Following the Rules Part V: Your Kid Is A Narc

There is a technician in the lab who is quintessentially German. She knows this, she is proud of it, but she feels the cultural differences between herself and the Mediterraneans with whom she works starkly. We speak often of the differences between our cultures over lunch, grinning at how differently we react to certain situations, but the other day she told us a story attempting to illustrate how, in this one respect, she and her husband defied their culture and were actually more similar to ours. Unwittingly, she actually demonstrated that the difference she referred to was greater than she had anticipated.

She has a three year old daughter, who is in nursery school. She told us how her teachers praised her to her father. “She is a model child”, they told him. “She follows every rule, and cares deeply about them. If she sees another child breaking a rule, she will scold him, and then call our attention to it, telling us immediately if one of her peers breaks a rule. You should be so proud to have such an obedient and well behaved child!” She told us how her husband was not so happy to hear this, and how funny it was that he did not find her behavior to be as praise-worthy as her culture deemed it to be. She laughed at how disappointed he was to have a daughter who would be so bossy.

I, and the Greek woman she told this story to, were unimpressed. “It’s not that she’s bossy”, we said, “it’s that she’s a narc. Your kid is a narc, and that is not good”.


This story took me back to when I was in first grade. My teacher had devised the concept of a “tattle toad”, to whom any child who had an urge to tattle could go to instead of her. I provided the toad, a stuffed frog dressed in a prince outfit. As I felt a certain responsibility for having brought in the toad, compounded with the fact that I was subconsciously copying my Mother’s habit of giving advice to anyone who would listen, I had taken it upon myself to provide a “voice” to the tattle toad. Whenever I saw someone approach it, I would crouch behind it, respond to the “tattle” with some well-meaning advice on how to diffuse whatever situation had brought the child to it.

My teacher immediately scolded me harshly for this. She seemed to be under the impression that I was being nosy. She told me that the other children’s problems were none of my business, that I was not to spy on them and listen to what they had to say about others, and that she did not want to hear me tattle to herself or anyone else about everyone else’s business or quarrels. I was shamed, as I had no way of explaining in my 6-year old’s way that it was never my intention to tell anyone what the children told the toad, that I merely thought that telling an inanimate object about your problems wasn’t going to do anything to resolve them, that I had thought that by providing the toad it was my responsibility to give advice and make my peers feel better, that I did not intend to judge anyone or break anyone’s confidence. I stayed away from the toad after that.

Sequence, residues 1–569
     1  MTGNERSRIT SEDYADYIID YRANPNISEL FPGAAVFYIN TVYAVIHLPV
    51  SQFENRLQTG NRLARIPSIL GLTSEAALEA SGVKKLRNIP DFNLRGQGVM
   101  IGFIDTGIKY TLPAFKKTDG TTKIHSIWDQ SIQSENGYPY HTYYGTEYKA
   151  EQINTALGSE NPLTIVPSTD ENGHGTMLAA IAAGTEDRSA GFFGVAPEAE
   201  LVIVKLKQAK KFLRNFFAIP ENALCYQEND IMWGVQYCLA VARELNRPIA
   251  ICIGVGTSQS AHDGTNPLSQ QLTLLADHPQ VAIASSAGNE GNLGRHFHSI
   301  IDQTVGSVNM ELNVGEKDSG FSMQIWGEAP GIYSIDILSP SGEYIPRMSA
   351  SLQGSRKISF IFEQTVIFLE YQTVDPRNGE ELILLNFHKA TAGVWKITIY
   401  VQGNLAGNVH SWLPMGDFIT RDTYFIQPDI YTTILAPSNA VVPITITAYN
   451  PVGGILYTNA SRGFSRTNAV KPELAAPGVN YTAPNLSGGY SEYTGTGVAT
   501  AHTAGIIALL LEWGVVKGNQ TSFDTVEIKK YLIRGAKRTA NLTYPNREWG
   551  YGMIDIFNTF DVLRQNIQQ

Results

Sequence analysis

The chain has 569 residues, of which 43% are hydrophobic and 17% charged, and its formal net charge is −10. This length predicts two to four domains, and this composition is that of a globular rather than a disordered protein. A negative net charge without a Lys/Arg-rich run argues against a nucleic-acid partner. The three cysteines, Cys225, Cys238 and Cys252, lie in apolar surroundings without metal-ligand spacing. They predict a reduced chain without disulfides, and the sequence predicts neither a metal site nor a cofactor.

In my culture, tattling was neither praised nor encouraged. The mere fact that my first grade teacher saw fit to invent the “tattle toad” is a clear indication of this. She was clearly sick and tired of having children come to her and tattle on their classmates. That is not to say that they wanted children to break the rules. Rather, if you saw a peer break the rules, you were supposed to explain to them why the rule existed and why they should follow it, but running for a teacher was supposed to be reserved for serious things, like potentially dangerous behavior. Tattling was seen as little better than backstabbing, like a lack of loyalty, and a hindrance to forming bonds and ties with your peers. If a child went to a teacher, or a parent, to tell them that so and so was breaking the rule, the adult would usually have a mixed response: an acknowledgement that so and so should follow the rules, yes, but you going behind so and so’s back to tell me is also not right. You should go and tell so and so not to break the rule, and why. If so and so doesn’t listen, or does something that could get them hurt, or hurts you, then come and tell me.

Before I heard our technician’s story, I had no idea that there existed a culture in which not only was the “don’t tattle on your friends” speech not given, but one in which tattling on a rule breaker would actually get praise. She, also, told the story as if every nursery school in the world would be pleased and praise a tattling child. She did not know that she was actually highlighting another big cultural difference between us. As she had never heard the “don’t tattle on your friends” speech, and was merely content with being quietly disappointed that her daughter was a tattle-tale, we outlined it briefly for her.

“Don’t shame her, but don’t let her be a narc either”, we told her. “If you want her to make friends, try to talk her out of it. Nobody likes the narc”.



  1. Rob Grigjanis says

    Do Northern Italians (Piedmont, Lombardy, etc) generally identify as culturally Mediterranean? Are they perceived as such by other Italians?

  2. NYC atheist says

    It’s mixed over here in the states. With my mother being only second generation born here, with very strong Italian heritage, we were encouraged not to ‘be a rat.’ If we ratted on each other both the rule breaker and the rat got the same punishment. I’m the same with my kids. I want them united, even if it means against me.

  3. sonofrojblake says

    Nobody likes the narc